Prachanda’s learning curve

New dogs, old tricks

Some commentators have characterised the electoral performance of the Maoists in Nepal’s constituent assembly elections as catching India by surprise. That’s not entirely incorrect. Though polls have a tendency to get pundits wrong, election results surprised most people, including the Maoists themselves.

Does this mean India should be more worried about its relations with Nepal?

Not quite. Once Comrade Prachanda becomes President or Prime Minister Pushpa Kumar Dahal and comes to grips with the reality of running a state—as opposed to running a revolution—he will realise that he has about as much policy flexibility as his predecessors.

He has already declared that Nepal would maintain “equal distance from India and China”. He also uttered phrases like “historical relationship with India”, “open borders” and developing “closer ties”. The phrases might well have been uttered for diplomatic purposes…but it might well be that the Maoists have come to understand that “equal distance” on a two-dimensional map is quite different from equal distance in three dimensional reality. High Himalayas are very three-dimensional.

For India, the main issue is having to handle a new government in Kathmandu that must learn the ropes of governance while coming to terms with the gap between a revolutionary Communism and mundane reality. In the domain of international relations, it is quite possible that the new government would do things to show that there is a new show in town, and that it has other friends, and pose for its domestic constituency. While it might well be necessary to indulge them a little, Indian and Nepali interests will both be best served if Messrs Dahal & Co’s learning curve is short.

One thought on “Prachanda’s learning curve”

  1. Fair enough.

    But the very short learning curve messrs. Prachanda and co. have displayed in their rise from the remote Rolpa ditt. in spring 1996 to capturing the whole country by 2204 (sans the Kathmandu valley, which too has now fallen) presents a much larger problem.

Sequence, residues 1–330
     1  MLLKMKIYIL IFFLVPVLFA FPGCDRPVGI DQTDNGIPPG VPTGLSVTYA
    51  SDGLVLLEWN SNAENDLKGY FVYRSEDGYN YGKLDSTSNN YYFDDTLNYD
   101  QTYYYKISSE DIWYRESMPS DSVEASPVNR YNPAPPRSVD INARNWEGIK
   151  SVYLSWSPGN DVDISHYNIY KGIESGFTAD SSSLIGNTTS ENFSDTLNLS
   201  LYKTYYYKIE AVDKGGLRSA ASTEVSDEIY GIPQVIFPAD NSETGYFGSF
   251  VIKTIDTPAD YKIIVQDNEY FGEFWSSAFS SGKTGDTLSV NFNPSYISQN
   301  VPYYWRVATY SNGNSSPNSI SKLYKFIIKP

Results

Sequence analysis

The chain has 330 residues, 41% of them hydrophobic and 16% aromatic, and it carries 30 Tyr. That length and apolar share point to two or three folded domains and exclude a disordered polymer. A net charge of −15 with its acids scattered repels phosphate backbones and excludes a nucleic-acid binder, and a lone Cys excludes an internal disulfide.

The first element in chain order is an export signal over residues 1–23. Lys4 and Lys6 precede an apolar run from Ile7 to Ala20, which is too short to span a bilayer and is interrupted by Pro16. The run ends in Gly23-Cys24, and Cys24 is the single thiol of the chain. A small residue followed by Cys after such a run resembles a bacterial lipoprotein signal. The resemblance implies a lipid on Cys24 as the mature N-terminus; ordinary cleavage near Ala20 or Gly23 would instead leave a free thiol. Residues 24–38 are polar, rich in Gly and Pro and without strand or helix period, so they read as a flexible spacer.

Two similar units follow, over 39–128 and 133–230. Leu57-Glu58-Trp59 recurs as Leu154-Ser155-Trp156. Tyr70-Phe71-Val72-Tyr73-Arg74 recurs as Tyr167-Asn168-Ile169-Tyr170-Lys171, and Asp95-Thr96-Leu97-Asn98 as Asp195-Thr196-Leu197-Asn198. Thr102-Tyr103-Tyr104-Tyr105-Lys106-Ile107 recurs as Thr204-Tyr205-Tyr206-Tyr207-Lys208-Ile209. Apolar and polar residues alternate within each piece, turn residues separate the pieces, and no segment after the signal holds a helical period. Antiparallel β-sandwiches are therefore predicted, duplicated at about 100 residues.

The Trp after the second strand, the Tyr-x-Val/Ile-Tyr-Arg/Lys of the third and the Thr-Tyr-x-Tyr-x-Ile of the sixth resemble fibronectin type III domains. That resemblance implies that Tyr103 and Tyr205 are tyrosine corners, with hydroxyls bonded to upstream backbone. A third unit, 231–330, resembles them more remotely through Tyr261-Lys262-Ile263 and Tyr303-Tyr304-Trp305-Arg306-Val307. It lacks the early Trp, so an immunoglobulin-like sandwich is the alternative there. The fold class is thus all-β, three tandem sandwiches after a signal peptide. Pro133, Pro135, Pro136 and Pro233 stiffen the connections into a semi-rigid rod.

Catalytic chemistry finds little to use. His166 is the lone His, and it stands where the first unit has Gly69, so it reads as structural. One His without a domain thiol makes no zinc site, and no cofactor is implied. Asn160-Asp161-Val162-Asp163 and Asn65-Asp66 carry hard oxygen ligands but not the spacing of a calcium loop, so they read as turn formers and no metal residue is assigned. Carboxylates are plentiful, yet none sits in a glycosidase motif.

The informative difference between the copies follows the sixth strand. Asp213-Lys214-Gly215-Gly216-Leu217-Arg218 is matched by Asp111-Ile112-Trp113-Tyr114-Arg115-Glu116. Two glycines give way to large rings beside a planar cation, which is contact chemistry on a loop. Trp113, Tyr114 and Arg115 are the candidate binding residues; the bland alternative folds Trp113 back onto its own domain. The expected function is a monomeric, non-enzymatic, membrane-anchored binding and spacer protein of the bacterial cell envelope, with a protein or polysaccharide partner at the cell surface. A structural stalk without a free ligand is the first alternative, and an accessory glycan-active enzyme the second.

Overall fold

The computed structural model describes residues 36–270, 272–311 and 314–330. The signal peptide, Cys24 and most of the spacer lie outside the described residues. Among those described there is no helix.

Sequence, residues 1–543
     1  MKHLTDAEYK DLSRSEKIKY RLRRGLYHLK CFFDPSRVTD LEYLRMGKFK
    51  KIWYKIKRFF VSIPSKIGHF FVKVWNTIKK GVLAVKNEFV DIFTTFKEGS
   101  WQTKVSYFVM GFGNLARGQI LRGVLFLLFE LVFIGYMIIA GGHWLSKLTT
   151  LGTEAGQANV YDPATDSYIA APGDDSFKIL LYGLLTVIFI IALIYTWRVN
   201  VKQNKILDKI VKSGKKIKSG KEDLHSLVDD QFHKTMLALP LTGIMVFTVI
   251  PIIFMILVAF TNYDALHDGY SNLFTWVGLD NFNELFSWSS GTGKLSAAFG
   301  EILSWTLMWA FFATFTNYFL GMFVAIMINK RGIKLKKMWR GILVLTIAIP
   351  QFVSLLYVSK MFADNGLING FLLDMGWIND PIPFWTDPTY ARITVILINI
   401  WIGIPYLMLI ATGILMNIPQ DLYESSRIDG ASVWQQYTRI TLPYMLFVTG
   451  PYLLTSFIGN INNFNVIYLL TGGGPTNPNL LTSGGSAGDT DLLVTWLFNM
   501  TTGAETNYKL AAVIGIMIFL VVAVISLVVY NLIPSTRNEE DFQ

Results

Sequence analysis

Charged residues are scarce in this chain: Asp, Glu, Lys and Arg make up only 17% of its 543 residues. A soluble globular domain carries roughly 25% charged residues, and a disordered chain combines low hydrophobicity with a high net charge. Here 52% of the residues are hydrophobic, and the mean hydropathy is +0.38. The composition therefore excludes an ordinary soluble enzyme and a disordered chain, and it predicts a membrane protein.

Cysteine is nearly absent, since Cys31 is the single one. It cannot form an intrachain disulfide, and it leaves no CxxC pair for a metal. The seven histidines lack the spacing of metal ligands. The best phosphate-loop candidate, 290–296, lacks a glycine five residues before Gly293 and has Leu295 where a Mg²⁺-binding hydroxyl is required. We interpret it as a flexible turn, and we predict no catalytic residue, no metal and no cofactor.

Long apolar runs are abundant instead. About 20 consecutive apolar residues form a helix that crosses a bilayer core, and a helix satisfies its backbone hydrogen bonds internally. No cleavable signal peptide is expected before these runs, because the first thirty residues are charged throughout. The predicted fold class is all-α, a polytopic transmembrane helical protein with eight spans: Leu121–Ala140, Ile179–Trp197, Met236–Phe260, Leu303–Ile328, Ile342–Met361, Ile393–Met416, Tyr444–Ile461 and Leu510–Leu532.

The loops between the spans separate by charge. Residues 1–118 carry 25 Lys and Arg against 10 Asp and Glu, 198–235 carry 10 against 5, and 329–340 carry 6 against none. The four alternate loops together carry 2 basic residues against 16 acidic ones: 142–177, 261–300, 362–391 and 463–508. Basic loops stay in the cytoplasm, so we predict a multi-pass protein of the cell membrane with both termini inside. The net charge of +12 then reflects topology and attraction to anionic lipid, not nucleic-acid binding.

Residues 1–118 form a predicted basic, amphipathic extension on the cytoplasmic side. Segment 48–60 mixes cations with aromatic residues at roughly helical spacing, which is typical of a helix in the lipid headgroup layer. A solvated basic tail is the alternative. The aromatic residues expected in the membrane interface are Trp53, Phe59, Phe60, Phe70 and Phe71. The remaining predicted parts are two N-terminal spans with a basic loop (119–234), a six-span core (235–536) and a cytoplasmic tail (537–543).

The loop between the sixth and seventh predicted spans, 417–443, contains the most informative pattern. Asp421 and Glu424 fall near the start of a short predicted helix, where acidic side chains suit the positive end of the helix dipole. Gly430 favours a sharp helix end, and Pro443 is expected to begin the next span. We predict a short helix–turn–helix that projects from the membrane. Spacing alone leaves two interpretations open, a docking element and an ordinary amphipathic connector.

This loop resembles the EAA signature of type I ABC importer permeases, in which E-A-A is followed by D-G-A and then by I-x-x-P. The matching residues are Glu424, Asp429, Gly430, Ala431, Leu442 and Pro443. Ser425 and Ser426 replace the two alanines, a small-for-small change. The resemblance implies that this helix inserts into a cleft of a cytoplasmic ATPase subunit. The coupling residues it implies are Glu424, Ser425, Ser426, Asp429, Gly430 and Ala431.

The problem of course, being that who is behind this phenomenal rise? The arms, the funds, the organization, the underground networks, the assurances of support when the going gets tough, in short the entire revolution itself could very well be a totally indigenious Nepali thing. Or not. How likely is the former in a landlocked country? Now if India is indeed pulling the strings, then fine, we know we can ride out the crisis in nepal. But what if it wasn’t Delhi that is involved?

    Recall that ex-MI6 agents were air dropping arms and were caught in Purulia in 1995. The UK sarkar intervened for their release. Who were the arms meant for? In 1996, in the remote, inaccessible and very poor western distts of Humla and Rolpa, the grand maoist revolution begins. Spontaneously? yeah, right.

    In a nutshell, there seem to be every sign that American money and management met with muscle on the ground to produce this Maoist abomination in Nepal. It could well become a US base tomorrow. How better to support the dozen odd maoist insurgencies in the Indian hinterland, besides. I’m far from sanguine about the potential for triuble in this scenario.

    Of course I trust our babus know whats going on and dont plan to sit by idly. Given our location, resources and history, we’re best placed to move mountains in Nepal, when required. We have options there, what card we choose to play should be good to watch. But I’d be wary, very wary, indeed.

    Just my 2 paise. Have a nice day, all.

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